3 Reminders for Employers After an Employee Is Awarded $450,000 for His Unwanted Birthday Party
April 20, 2022
A jury recently awarded a Kentucky man $450,000 after his employer threw him a surprise birthday party against his wishes, and then terminated him for how he reacted. The employee, Kevin Berling, has an anxiety disorder and had asked his office manager not to celebrate his birthday because it would trigger a panic attack.
Despite Berling’s request, the company held the surprise birthday celebration for him at lunchtime. He quickly left and ate the rest of his lunch in his car, and then texted the office manager, saying that he was upset his request wasn’t accommodated. According to the lawsuit, the following day, he was “confronted and criticized” for his reaction and told that he was “stealing other coworkers’ joy,” which triggered another panic attack. He was sent home for the remainder of that day and the following day. A few days later, the Company fired him by email, citing their concern that he was angry and possibly violent (based on his behavior during the meeting regarding his reaction to the birthday celebration).
Berling sued Gravity Diagnostics, alleging failure to accommodate, disability discrimination, and retaliation. The jury found in Berling’s favor and awarded him $450,000 for lost wages and mental anguish.
What employers should know
This case is a good reminder for employers regarding the obligation to accommodate mental health conditions, and how to handle mental health-related situations in the workplace.
1. Take requests for accommodations seriously – even if they aren’t specifically phrased as a request for accommodation.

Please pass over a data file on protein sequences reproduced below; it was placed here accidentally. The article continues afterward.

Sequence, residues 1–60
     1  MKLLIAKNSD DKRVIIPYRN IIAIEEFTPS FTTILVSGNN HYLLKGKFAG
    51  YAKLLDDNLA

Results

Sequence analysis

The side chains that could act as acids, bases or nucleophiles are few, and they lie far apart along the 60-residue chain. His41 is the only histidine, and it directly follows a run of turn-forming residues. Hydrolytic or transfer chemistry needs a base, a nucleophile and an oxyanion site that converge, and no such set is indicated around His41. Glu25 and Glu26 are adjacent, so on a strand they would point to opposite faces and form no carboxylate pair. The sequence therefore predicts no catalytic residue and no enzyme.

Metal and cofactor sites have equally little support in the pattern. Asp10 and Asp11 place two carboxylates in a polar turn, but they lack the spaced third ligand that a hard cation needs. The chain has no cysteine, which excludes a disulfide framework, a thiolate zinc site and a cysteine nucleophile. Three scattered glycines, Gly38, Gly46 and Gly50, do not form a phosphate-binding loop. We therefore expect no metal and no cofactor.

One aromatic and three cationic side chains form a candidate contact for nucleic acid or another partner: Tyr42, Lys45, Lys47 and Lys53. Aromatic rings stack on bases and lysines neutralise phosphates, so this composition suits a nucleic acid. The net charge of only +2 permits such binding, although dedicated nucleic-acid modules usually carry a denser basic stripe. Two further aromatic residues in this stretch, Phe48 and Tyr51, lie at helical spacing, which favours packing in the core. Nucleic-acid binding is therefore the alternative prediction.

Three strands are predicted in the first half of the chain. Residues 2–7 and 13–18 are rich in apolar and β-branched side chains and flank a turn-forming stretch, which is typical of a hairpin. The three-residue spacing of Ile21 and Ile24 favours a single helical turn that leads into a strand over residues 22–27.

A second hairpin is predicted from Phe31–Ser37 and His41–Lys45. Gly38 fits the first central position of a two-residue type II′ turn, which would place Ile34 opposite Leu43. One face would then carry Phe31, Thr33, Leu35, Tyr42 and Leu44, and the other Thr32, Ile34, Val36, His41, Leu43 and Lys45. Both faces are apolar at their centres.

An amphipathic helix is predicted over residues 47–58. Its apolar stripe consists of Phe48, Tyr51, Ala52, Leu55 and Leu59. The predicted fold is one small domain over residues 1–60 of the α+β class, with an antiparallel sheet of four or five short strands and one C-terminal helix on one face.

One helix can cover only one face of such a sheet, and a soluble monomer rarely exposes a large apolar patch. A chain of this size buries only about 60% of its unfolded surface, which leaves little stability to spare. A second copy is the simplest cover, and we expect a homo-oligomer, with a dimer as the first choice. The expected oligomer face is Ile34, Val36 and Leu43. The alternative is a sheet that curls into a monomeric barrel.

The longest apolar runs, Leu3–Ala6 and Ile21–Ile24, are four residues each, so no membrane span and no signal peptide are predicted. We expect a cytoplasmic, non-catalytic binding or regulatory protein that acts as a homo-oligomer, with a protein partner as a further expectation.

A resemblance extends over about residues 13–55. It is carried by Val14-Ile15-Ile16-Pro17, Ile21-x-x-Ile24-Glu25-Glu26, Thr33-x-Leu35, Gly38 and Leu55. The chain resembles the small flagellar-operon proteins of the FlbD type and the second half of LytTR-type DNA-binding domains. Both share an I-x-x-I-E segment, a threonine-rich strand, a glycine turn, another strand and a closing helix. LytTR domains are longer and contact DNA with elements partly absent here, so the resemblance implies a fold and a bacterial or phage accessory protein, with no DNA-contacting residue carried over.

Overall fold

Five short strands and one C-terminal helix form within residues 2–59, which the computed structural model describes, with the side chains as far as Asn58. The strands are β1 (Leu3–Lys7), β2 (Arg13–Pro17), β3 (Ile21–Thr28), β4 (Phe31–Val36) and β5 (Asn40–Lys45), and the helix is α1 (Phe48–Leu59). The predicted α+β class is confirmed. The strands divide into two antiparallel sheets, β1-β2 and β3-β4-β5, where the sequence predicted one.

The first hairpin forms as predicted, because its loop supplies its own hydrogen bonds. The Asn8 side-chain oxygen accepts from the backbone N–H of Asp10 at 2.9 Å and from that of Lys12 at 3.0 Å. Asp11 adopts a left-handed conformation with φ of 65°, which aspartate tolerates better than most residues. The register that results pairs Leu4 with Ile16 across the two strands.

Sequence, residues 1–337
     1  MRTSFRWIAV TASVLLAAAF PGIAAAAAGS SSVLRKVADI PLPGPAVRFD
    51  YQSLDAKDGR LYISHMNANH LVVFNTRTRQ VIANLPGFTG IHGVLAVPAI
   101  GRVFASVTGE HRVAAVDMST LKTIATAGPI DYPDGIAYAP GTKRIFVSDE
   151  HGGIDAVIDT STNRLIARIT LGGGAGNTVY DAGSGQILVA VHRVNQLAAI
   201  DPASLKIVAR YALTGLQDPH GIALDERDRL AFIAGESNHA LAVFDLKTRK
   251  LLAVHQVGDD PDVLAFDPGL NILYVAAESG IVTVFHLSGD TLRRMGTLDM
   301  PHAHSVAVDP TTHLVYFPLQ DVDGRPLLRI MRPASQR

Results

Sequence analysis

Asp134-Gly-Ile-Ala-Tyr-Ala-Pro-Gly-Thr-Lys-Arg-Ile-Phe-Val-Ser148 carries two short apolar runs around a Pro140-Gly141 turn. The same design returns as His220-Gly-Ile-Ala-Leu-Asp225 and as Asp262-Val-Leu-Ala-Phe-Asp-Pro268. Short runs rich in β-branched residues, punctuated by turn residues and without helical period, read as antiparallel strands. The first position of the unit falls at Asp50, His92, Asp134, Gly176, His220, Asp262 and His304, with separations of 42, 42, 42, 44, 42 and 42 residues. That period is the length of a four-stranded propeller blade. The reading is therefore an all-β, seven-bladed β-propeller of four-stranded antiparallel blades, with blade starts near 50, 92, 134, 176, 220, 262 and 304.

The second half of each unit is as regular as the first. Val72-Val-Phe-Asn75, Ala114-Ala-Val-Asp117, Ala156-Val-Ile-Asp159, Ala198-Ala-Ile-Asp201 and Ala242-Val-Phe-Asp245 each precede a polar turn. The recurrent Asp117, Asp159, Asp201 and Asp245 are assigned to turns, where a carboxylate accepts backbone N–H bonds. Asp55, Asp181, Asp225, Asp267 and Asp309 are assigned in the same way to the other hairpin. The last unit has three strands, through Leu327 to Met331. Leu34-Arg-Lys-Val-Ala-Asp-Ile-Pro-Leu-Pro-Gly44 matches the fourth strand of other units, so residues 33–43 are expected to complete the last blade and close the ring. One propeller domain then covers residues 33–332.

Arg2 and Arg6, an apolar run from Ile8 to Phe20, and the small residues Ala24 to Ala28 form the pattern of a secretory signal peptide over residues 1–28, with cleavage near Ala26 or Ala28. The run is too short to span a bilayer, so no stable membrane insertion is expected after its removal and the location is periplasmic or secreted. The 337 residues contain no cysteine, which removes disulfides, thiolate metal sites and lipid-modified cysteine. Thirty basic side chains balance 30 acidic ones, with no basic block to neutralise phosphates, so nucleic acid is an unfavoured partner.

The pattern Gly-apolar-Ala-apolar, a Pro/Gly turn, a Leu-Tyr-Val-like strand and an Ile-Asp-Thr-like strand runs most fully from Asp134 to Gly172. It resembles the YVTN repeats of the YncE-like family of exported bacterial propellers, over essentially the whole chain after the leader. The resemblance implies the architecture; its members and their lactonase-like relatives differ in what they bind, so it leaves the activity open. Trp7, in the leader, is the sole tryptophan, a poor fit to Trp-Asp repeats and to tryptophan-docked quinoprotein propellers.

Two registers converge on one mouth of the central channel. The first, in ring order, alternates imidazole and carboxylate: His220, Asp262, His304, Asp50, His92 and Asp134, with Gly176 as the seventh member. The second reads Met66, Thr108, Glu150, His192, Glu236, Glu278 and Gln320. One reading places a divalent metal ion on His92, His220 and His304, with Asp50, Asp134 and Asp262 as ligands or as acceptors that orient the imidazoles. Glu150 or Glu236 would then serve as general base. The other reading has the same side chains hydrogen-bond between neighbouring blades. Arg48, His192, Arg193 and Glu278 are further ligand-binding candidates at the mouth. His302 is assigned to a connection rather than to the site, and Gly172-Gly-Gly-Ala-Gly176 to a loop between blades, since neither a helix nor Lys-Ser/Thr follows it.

Although Berling had told his office manager that he didn’t want a birthday celebration, the employer’s chief of staff admitted that she forgot to pass the accommodation request on to the person responsible for the office parties. Employers should make sure that employees understand that requests for accommodation must be taken seriously and referred to the appropriate individuals in the organization (usually, Human Resources) so that they can be handled correctly.
2. Don’t make assumptions about employees’ mental health conditions.
The case serves as an important reminder that employers should take mental health seriously, and also avoid making assumptions about mental health issues. In this case, the employer cited its “workplace violence policy” as justification for Berling’s termination, but the jury seems to have disagreed.
“I think the significance for employers is that they need to understand that they shouldn’t make assumptions about individuals with mental health issues,” Tony Bucher, an attorney for Berling, said in a statement.
3. Take care when responding to sensitive situations.
While the birthday celebration triggered the lawsuit, the situation was exacerbated by how the employer handled the aftermath – in particular, how management discussed the situation with the employee (which triggered another panic attack) and then terminated his employment. When in doubt about how to handle a sensitive situation, pause before responding and reach out to your employment attorney for guidance.
If you have any questions about employees’ requests for accommodation, please reach out. A member of our Labor & Employment Group would be happy to speak with you.